Slide production process – how is it done?
One of the questions sometimes asked is how do we convert digital data to film?
No, we don’t photograph a print-out or photograph a computer screen!
We use special film recorders and the process is very similar to that used by the cinema industry where an entirely digital movie, like Shrek for instance, is transferred to 35mm movie film for projection in the theatre.
We have been producing slides (diapositives or simply dias to our continental friends) for many, many years and currently run several film recorders. These boxes of tricks expose sequentially with red, green and blue light onto 35mm transparency film (plus b/w negative film and larger film formats) and are capable of recording the most vibrant and yet most subtle colours in very high resolution. We currently use Fujifilm film processed in own laboratory using Fujifilm chemistry, giving us both the speed and quality we and our customers insist on.
So how does digital data get converted to analogue photographic film?
The photos you take on your digital camera aren’t colour ‘images’ at all, just a sequence of number values that describe the degree of lightness or darkness in each of red, green and blue, and are described as pixels. If you have ever looked at the ‘channels’ panel in Photoshop you can see how these can be thought of as three monochrome images, each representing red, green and blue components. When you view an image on a computer screen these values are assigned to the red, green and blue pixels that sit side by side each other. Look very close and you will see red, green and blue dots of varying brightness. Move further away and you are now unable to see the small dots and it gets blurred together and gives the illusion of a colourful image.
OK, so that’s the digital part. It so happens that photographic colour film is designed and manufactured with layers that are created to react to red, green and blue light by use of dyes in the layers that act as filters (the filter dyes are removed in processing). That’s handy. So if we expose the digital ‘red’ data through a red filter, ‘blue’ data through a blue filter and ‘green’ data through a green filter then we will end up with all the colour values of the digital data exposed onto the appropriate layers of the photographic film.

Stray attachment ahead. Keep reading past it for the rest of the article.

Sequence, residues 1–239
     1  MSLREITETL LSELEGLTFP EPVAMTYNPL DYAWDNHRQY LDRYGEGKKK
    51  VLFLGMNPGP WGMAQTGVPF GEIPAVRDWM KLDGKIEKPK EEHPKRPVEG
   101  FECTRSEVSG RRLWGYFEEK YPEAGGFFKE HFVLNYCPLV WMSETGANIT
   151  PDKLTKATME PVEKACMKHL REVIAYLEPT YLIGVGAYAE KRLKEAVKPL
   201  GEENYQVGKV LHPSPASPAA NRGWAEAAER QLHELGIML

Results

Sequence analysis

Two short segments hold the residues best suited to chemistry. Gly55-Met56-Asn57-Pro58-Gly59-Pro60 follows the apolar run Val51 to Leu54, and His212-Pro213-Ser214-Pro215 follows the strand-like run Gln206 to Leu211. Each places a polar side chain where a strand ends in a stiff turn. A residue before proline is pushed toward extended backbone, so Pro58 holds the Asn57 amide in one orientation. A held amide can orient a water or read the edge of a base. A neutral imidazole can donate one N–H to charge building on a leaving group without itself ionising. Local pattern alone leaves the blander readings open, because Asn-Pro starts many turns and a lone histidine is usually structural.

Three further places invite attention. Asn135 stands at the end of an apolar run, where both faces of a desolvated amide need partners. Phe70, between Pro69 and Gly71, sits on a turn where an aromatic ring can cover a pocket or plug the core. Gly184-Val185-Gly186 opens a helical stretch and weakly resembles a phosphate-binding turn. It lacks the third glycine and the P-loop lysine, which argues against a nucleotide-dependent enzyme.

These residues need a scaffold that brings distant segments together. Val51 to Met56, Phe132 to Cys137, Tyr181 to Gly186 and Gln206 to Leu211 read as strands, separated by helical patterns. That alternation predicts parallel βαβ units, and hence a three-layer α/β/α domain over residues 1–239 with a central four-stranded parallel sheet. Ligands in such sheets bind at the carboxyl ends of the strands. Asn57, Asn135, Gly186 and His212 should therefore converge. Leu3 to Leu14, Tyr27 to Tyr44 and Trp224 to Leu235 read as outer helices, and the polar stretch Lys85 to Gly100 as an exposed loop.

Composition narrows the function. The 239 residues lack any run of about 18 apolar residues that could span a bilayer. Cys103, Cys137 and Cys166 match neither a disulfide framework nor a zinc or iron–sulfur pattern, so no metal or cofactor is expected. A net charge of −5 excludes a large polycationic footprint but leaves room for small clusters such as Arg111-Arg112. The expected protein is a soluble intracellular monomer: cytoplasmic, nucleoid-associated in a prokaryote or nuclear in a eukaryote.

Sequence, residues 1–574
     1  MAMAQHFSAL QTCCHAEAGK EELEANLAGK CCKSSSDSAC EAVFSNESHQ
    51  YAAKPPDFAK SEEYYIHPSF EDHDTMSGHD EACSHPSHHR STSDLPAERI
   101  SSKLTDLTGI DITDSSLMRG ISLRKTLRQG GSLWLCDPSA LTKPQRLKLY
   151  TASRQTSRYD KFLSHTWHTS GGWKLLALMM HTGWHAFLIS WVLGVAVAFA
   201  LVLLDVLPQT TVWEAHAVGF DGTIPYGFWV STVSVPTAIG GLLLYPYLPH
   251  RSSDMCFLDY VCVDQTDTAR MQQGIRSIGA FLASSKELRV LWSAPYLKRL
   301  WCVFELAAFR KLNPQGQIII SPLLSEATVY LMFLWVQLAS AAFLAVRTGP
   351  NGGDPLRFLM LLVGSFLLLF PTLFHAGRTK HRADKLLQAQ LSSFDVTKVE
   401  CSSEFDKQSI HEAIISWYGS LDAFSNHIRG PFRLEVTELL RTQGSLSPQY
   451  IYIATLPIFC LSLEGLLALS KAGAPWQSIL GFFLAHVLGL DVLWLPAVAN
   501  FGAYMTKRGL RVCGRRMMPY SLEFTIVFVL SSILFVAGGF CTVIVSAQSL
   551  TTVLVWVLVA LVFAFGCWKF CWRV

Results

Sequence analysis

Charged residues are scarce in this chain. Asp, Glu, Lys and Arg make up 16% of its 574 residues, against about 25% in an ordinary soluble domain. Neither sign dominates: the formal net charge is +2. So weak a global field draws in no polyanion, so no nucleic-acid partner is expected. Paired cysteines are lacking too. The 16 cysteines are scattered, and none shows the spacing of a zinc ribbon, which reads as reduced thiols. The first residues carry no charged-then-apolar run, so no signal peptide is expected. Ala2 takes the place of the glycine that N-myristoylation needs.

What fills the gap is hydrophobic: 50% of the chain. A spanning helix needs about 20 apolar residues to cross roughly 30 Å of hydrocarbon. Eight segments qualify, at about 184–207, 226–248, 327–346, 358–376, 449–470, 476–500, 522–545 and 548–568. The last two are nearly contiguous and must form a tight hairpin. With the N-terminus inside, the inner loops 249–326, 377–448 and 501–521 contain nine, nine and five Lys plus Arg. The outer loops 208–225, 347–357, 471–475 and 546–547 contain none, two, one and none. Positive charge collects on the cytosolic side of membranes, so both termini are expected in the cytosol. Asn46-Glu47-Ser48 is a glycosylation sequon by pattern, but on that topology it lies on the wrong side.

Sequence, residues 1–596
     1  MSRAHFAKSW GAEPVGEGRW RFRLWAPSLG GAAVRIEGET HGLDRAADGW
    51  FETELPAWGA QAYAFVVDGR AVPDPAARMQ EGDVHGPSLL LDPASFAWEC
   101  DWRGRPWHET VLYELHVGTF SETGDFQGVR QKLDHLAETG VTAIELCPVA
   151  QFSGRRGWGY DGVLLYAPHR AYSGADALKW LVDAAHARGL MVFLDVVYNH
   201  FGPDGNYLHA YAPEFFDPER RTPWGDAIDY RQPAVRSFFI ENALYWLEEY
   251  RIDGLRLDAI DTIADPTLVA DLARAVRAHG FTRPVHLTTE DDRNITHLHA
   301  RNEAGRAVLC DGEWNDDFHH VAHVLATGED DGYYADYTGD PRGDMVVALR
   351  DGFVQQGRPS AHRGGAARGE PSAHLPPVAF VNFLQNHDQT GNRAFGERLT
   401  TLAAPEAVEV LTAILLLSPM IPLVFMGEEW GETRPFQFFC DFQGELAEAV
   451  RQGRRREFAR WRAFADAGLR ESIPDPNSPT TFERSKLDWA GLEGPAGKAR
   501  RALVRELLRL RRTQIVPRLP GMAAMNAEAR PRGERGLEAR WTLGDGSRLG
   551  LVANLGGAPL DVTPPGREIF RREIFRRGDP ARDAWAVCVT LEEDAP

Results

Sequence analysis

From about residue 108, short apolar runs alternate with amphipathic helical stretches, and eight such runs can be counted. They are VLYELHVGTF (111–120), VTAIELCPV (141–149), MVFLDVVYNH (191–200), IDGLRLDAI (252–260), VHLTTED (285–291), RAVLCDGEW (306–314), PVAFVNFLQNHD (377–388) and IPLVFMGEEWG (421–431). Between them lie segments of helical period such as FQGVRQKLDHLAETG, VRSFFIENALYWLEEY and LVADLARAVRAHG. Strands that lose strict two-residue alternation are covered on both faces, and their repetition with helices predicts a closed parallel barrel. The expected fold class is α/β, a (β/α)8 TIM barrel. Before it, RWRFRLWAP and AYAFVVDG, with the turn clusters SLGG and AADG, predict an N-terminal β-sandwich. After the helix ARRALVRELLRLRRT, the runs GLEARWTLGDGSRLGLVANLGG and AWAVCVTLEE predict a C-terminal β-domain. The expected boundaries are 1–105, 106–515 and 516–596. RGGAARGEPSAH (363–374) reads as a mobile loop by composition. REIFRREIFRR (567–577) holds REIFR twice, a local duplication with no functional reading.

The film recorder comprises an instrument camera with lens. The lens is a very sharp, flat field, fixed focus, fixed aperture, non-interchangeable macro lens. The camera has a capping shutter that simply opens at the beginning of the exposure sequence and closes at the end, and has a motorised film advance/film rewind mechanism and that’s about it.
The exposure is made by an electron beam hitting a phosphor screen making a tiny point of light. This point of white light sweeps across the film in 2,732 discrete horizontal steps from top to bottom of the film frame. The beam intensity is modulated according to the value of the digital data it is representing – that is to say it gets brighter and dimmer as it sweeps across the film. As this is a continuously variable intensity of light – analogue – we lose the dot-by-dot nature of digital media, and in that one sweep it takes in the 4,096 pixel values of the width of the digital image. The beam drops down a step and repeats the process a further 2,731 times.
So we can see why there are no ‘pixels’ visible on the film in the horizontal direction, but why don’t we see the 2,732 discrete horizontal lines? That is due to the penumbra of the flying spot of light – it isn’t a hard spot but slightly diffuse. The softness of the edge overlaps the previous scanned line, blending everything together. The result is that the image on film is completely devoid of it’s digital dots and now smooth and analogue in nature.
This exposing (or ‘painting’ in technical terms) is performed three times. The scanning dot is white, and would result in a monochrome image, so the film recorder has a filter turret that allows the red, green and blue digital channels of the digital colour image to be sequentially exposed via red, green and blue filters, thus exposing each of the film’s red, green and blue sensitive layers in turn.
Once the 36 frames are exposed the film is removed and processed in conventional E-6 chemistry (an established 40 year old process), in the same way that all photographic colour transparency films are processed, magically changing those red, green and blue exposed layers into cyan, magenta and yellow dyes layers, transforming mundane bits of digital data into glorious ‘old school’ photographs that are indistinguishable from slides shot in conventional film cameras.